Cadets get hands-on experience during Nurse Summer Training Program

First Lt. Jordan List oversees nursing Cadet Megan King putting in an IV for a patient. U.S. Army photo by Alexandra Kocik

By Alexandra Kocik
U.S. Army Cadet Command Public Affairs

JOINT BASE LEWIS-MCCHORD, Wash. – While typical Cadets run, jump and work together through LDAC courses, ROTC nursing students put in IVs, give medication and work late-nights in the ER inside Madigan Army Medical Center on the other side of Joint Base Lewis-McChord. Many of these interns already completed LDAC or will do so after their time at the hospital.

The 29-day Army Nurse Summer Training Program was once a mandatory activity for all ROTC nursing students, but is now optional and competitively selected. Nursing students apply for their top three choices of Army hospitals to work in. The two most requested locations are Landstuhl Regional Medical Center in Germany, which accepts the top 10 applicants, and the Tripler Army Medical Center in Hawaii, with room for three interns.

Applicants’ Army Physical Fitness Test scores and grade-point average account for 40 percent of their application score during the review process. Only those with the highest scores in these two areas will be given their top choice.

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The fight against fear

A Cadet crosses the Log Walk at the water confidence course as the rest of their regiment watches. U.S. Army photo by Al Zdarsky

By Alexandra Kocik
U.S. Army Cadet Command Public Affairs

JOINT BASE LEWIS-McCHORD, Wash. – Thirty-five feet above the dark lake, a Cadet balances precariously on a 6-inch-wide beam by holding her arms out from her sides. As she steps gingerly down from a small block set in the center of the beam, she stumbles forward, falling to one knee. Her comrades below gasp as she grabs the ladder on the opposite side of the beam to avoid falling further. The Cadet bows her head and makes the sign of a cross before flashing a smile to the cheering crowd below. Slowly she ascends the ladder to the next challenge.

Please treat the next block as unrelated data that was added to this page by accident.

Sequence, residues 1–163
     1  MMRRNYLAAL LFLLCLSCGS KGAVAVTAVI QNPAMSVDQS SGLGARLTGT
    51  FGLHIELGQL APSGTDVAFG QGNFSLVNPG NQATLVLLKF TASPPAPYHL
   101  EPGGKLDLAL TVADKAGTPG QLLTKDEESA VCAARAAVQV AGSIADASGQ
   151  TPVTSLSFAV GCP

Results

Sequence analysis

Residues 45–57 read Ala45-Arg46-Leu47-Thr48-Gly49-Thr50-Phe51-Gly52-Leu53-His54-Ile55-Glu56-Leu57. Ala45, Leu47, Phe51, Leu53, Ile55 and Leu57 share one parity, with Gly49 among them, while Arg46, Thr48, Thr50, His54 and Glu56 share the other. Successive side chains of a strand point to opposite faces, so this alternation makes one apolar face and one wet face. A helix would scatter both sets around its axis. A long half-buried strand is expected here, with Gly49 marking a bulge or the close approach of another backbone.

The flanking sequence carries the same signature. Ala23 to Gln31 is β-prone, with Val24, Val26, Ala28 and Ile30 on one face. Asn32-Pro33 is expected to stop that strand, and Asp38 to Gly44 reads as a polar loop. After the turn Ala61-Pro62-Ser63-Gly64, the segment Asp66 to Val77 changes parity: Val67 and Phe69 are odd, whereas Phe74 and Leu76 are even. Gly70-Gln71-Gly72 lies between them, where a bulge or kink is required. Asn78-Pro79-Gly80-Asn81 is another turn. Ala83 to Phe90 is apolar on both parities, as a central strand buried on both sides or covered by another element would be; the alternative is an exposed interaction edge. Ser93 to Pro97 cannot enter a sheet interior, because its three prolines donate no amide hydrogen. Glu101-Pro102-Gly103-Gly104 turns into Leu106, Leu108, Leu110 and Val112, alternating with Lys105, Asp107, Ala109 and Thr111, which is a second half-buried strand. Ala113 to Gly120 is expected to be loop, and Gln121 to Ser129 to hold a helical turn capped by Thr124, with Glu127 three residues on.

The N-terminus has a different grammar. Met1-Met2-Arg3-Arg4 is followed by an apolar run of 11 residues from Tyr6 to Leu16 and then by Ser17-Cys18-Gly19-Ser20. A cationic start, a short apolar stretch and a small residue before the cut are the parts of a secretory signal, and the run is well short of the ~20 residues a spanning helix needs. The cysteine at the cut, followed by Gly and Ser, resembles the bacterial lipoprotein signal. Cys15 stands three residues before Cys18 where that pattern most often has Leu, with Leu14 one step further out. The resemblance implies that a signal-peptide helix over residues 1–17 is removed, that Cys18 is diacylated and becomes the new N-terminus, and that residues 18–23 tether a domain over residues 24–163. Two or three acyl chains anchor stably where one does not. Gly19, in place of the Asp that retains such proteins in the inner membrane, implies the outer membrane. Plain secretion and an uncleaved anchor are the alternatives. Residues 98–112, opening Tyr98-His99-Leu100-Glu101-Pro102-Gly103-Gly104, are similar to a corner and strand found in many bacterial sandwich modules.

The water confidence course at the Leader Development and Assessment Course (LDAC) marks the final test before Cadets graduate. Retired 1st Sgt. Jorge Rivera is a member of the cadre overseeing this site, which has one important goal.

“The purpose of this course is to test Cadets’ personal courage and ability to overcome their fear of water, heights or both,” Rivera said. “Two of the activities here must be passed to graduate from LDAC, so a small percentage finds this site stressful because of their fears.

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Civilians receive the Cadet treatment at LDAC

Community educators and leaders work together to complete a task at the Field Leader’s Reaction Course. U.S. Army photo by Al Zdarsky

By Alexandra Kocik
U.S. Army Cadet Command Public Affairs

JOINT BASE LEWIS-McCHORD, Wash. – At the Field Leader’s Reaction Course (FLRC), Cadets encourage their squads to work together to cross obstacles. Portions of this course are marked off with red tape, which Cadets must avoid by going over and around using barrels, beams and other objects.

On an overcast day in the middle of a wooded area, a bright pink sweatshirt clashes with the green camouflage of a woman’s Kevlar as she helps several other brightly-dressed woman pick up a heavy wooden board. A grey-haired man stops rolling a barrel to rub the dull ache in his knee before he can continue.